It’s great if you can discover what you were called to do when you are young. But most people don’t discover what they’re supposed to do until later in life. But that’s okay. Because it’s never too late to begin again.
Life is a journey, not a destination. It’s not about finding your calling. It’s about pursuing your calling once you find it. It’s not up to you when you will discover your purpose in life. The key is to be willing to take the next step when God reveals the next clue.
Here are three examples from Scripture of people who did not discover who they were until later in life. But they still were able to begin again. Because it’s never too late.
As you grow into the person who God made you to be, you will come across obstacles that will hold you back. There will be times when you will not believe what you are capable of doing. That is to be expected. It’s how you handle it that matters.
The enemy of your soul does not want you to become the person who God called you to be. And he will do everything in his power to prevent you from fully developing into the person God designed you to be. The key is to recognize that and be prepared for it.
Here are the three main things that will hold you back from becoming all you are supposed to be—and how you can overcome them in your life.
To be a long-term leader, you must by nature be a lifelong learner. That means you as a leader must be always out of your comfort zone and always ready to learn.
Book learning is important, but it’s not everything. Don’t get me wrong: I read a lot of books (especially business books and leadership books). It is important for you to read regularly and consistently. But that is not the only way to learn.
Lifelong learning is about having the right attitude for learning. Here’s how you can prepare your mind to be a lifelong learner—and a long-term leader.
God created you and you are His workmanship—and He has work He wants you to do (Ephesians 2:10). God would not call you to do something and not come through. So don’t limit yourself by telling yourself lies.
When you are limiting yourself, you are listening more to the enemy of your soul than to God. God is not impressed with the lies you tell yourself, even if they sound holy.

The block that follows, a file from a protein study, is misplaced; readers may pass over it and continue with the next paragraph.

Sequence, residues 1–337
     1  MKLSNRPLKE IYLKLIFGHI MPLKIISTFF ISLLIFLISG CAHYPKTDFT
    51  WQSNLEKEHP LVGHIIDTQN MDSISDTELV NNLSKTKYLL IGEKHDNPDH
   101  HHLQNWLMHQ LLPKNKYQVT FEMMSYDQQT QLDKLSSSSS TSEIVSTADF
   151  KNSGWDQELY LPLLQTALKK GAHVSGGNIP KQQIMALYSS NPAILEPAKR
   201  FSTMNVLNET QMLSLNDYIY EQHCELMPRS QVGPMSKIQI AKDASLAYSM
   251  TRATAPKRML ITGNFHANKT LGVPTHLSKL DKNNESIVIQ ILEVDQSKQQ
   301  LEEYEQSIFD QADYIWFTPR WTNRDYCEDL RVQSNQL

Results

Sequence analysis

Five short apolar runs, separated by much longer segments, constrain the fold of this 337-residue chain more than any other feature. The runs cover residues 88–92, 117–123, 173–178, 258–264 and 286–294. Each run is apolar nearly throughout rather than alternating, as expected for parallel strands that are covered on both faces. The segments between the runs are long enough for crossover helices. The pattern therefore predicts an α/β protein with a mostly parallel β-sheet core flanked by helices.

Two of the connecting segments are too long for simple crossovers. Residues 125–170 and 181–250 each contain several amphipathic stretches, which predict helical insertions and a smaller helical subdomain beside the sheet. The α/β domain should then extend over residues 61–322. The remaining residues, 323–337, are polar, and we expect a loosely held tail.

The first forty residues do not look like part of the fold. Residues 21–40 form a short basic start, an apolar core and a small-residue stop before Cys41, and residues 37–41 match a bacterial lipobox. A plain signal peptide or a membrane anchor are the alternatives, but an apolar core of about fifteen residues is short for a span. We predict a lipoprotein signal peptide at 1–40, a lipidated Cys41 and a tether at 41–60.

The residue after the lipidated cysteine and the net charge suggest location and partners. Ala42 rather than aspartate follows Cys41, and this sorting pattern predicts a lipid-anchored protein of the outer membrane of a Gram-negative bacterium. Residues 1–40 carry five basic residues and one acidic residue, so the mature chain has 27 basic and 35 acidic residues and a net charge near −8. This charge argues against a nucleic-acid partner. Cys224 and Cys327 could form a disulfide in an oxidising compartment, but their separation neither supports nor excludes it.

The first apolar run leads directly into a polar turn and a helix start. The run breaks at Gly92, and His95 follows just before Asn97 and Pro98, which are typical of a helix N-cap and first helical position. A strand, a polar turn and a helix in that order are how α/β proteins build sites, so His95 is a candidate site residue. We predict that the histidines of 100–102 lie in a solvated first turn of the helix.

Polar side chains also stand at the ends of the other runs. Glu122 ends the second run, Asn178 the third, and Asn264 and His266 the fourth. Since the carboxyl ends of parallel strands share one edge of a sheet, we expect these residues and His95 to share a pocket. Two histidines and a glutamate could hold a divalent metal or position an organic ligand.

To identify where you may be limiting yourself, here are three lies you should never tell yourself.
As a leader, it is important for you to think through how you can best lead your team. But before you can lead others, you must learn how you can lead yourself. To maximize the impact you can have on the people around you, you must develop your Active Leadership ability.
By Active Leadership, I mean leadership that is fully engaged and intentional. Active Leaders think through the impact they want to have—and the thinking they need to cultivate to achieve it—and they deliberately use every opportunity they have to influence their followers to that end. They take their responsibility as leaders very seriously because they realize all their actions have ripple effects.
As you learn how to better lead your team—and how to lead yourself—here are three areas where you can implement an Active Leadership perspective.
If someone looked at your life, what would they say your priorities are? I’m not asking what you say your priorities are. I’m asking if what you say and what they say would match.
Do you live the way you say is important to you? If you say your family is important to you, would your family agree with that? If you say your team is important to you, would they see it in your actions?
Here’s how you can find out if your priorities match what you say they are—and what you can do if they don’t.
To develop a strategic company culture, you must think through how you want it to look. Only by putting the thought in beforehand, will you be able to have it turn out the way you want it to turn out.
Alternatively, if you don’t put the thought in on the front end, you will not have the kind of culture you want. You will end up with a culture that just happens. And that nearly always is a recipe for disaster.
Here are three areas to think through in order to reap a strategic company culture.
If you have a hard time finding time to read good books, then this is the list for you. These are the top 5 Christian leadership books that you must read—if you read no other in this genre.
I’ve read a lot of books over the past 25 years. And I particularly love reading leadership books from a faith perspective. Since we have more than 3,000 books in our house, it’s hard for me to narrow down any top 5 list.
After going through my books, here is the list of the top 5 Christian leadership books you need to read.
Visionary leadership is about taking what is and turning it into what can be. And it is always trying to help others reach the next level. When it comes to leading with vision, it is important to be a discontented leader.
One caveat: while you should be discontent with the delta between what is and what can be, always be content where you are in the process at any moment.
In order to help others become who they can be, here is the three-step process for becoming a discontented leader.
In your everyday life, how much do you show your faith? Is your faith evidenced by what you do each day? Or do you show your faith only on Sundays?
I’m not asking if you preach the Gospel from the street corner every day. I’m asking if your everyday actions are intentionally a result of your faith.
James says that faith without works is dead faith (James 2:20). James also says that he shows his faith by his works (James 2:18). Here’s how Scripture can help you consider your ways to see how much you show your faith.